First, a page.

Development of the liver and pancreas

Published on 04/06/2017 by admin

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Figure 2.1 Biliary duct development timeline.

Other components of the liver parenchyma have different origins. Thus, Kupffer* cells appear at about 5 weeks’ gestation, apparently from outside of the liver. Mesodermal cells from the early liver anlagen form the mesenchymal framework of the liver, including its perisinusoidal Ito cell population.

Following these early phases of liver development (induction, migration and formation of hepatocyte cords and hepatic ducts), there is another distinct phase of early postnatal liver development characterised by cell maturation, hepatocyte proliferation and expansion of the liver volume, possibly controlled by activation of the canonical Wnt signalling pathway [13]. During this phase, the intrahepatic bile ducts also elongate from the centre to the periphery.

2.1.1  Haematopoiesis

The liver does not generate haematopoietic cells de novo but is colonised by haematopoietic stem cells, probably from the yolk sac initially, which expand and mature within the developing liver and make anything up to two-thirds of the liver volume within the second trimester. Primitive erythroid cells migrate to the fetal liver and have a dramatic upregulation of adhesion molecules that allows them to bind to fetal liver macrophages. The first haematopoietic stem cells to enter the liver are pluripotent and can form any haematopoietic cell. Their first step in intrahepatic maturation is to commit to a more limited range of lineage options, typically as either an erythromyeloid precursor or a common myelolymphoid progenitor. Nevertheless, erythropoiesis predominates at this stage. This process declines and stops towards the end of gestation with the bone marrow and spleen taking over. At this point, hepatocytes upregulate the expression of metabolic and detoxifying enzymes.

2.1.2  Vascular events

Vascular structures in the developing liver are

1.  Vitelline veins (paired): These carry blood from the gut to an evolving sinusoidal plexus and are originally from the yolk sac. These veins initially have a number of extrahepatic interconnections, resembling a stepladder, which then undergoes remodelling to form a single but now S-shaped portal vein, lying behind the distal foregut (Figure 2.2).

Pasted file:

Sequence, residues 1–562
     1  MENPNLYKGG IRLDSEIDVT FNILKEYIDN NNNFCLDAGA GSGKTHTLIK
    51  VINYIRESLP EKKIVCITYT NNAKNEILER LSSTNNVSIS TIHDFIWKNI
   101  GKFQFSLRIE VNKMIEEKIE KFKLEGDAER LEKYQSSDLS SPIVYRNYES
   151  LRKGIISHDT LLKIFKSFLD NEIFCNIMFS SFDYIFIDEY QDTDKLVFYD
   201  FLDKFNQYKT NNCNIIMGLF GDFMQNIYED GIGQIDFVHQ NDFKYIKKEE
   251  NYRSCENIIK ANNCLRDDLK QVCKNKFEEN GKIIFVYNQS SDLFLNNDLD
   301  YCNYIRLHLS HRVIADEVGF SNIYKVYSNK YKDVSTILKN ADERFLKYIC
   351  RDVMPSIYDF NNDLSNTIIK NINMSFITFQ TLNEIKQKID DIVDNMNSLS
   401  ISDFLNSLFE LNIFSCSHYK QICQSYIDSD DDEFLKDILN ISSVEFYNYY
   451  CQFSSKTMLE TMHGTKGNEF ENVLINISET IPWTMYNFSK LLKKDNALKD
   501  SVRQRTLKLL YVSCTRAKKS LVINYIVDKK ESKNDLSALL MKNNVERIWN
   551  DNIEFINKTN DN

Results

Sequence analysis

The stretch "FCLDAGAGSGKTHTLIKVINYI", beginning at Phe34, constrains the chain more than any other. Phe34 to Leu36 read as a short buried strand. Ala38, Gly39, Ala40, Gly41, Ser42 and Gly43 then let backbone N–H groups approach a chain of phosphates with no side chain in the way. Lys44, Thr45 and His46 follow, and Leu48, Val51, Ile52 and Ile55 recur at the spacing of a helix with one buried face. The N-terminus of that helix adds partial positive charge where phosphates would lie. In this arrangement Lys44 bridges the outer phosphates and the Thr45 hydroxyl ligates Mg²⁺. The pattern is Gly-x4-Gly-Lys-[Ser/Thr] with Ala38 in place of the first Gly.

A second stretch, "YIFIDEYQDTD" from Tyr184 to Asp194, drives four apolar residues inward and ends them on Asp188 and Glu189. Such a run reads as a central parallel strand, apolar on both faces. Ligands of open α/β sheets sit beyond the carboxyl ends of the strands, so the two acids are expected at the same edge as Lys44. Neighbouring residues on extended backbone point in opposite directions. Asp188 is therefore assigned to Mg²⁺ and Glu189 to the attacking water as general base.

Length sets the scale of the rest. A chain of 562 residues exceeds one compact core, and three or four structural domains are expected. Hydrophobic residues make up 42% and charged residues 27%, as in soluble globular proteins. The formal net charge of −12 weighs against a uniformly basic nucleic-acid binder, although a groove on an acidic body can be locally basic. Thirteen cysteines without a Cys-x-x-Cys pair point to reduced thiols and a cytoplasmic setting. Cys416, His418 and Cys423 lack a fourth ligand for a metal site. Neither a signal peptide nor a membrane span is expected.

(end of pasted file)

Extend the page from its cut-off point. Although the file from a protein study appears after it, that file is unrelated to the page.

Image

Figure 2.2 (a) Development of portal vein. Initial stage of two paired veins (umbilical and vitelline) draining into the sinus venosus. (b) Atrophy of right umbilical vein and vitelline duct. (c) Emergence of sinusoids in liver fed by interconnecting vitelline veins and umbilical vein. (d) Emergence of single portal vein. Umbilical vein connected to suprahepatic veins by ductus venosus.

BOX 2.2: Ductus venosus of Arantius*

This structure is present in many mammalian species, although it has disappeared by term in horses and pigs. In humans, it is a branch of the left portal vein opposite the origin of the umbilical vein and empties into the left hepatic vein (usually). About 20%–30% of umbilical blood flow is shunted through the ductus venosus in the fetus, with progressive diminution as gestational age progresses. The presence of an actual sphincter at its junction with the umbilical vein is controversial [14], although it is capable of dilatation or constriction in response to catecholamines, for instance [15]. The usual reason for this is fetal hypoxia, and diversion of blood away from the liver may be one cause of intrauterine growth retardation. Complete functional closure can be seen in >90% of infants by 2 weeks’ postnatal age as assessed by Doppler scans [20].

Persistence of the ductus venosus has a male predominance, and the resulting portosystemic shunt can be assessed by plasma ammonia and galactose levels and may cause neurocognitive impairment. (See Chapter 22.)

*  Giulio Cesare Aranzi (1529–1589), Italian anatomist.

2.  Umbilical veins (paired): Carry oxygenated blood from the placenta to the right side of the developing heart at the sinus venosus. The right umbilical vein disappears early in gestation, leaving the other enveloped by the liver. This joins the left portal vein, allowing oxygenated blood into the sinusoids, although the majority of blood flow is directed through a distinct low-pressure venous channel, or ductus venosus, between the left portal vein and the hepatic vein confluence (Box 2.2). This structure is rich in innervated smooth muscle cells and has a condensation of elastin fibres at its origin from the portal sinus, appearing as an ‘hourglass’ in anatomical study and on ultrasound [14]. Although there is no actual sphincter, it does have functionality [15]. There is closure at the time of birth, although it can still be negotiated with catheterisation for a variable time postnatally before subsequent fibrosis and later atrophy. Externally, its course can be appreciated as the site of attachment of the lesser omentum on the undersurface of the anatomical left lobe.

Image

Figure 2.3 Development of pancreas. (a) Initial separation with ventral anlage attached to the developing biliary duct. (b) Rotation of ventral anlage and bile duct behind the duodenum. (c) Fusion of the pancreatic anlagen with crossover of the dorsal duct to now drain through the ventral orifice.

3.  Posterior cardinal veins (paired): These carry blood back from the lower half of the body along the posterior body wall. These become the paired azygous* and hemiazygous venous system in the adult.

The larger inferior vena cava is embryologically a much later structure and is formed from many different venous precursors, for example, the subcardinal

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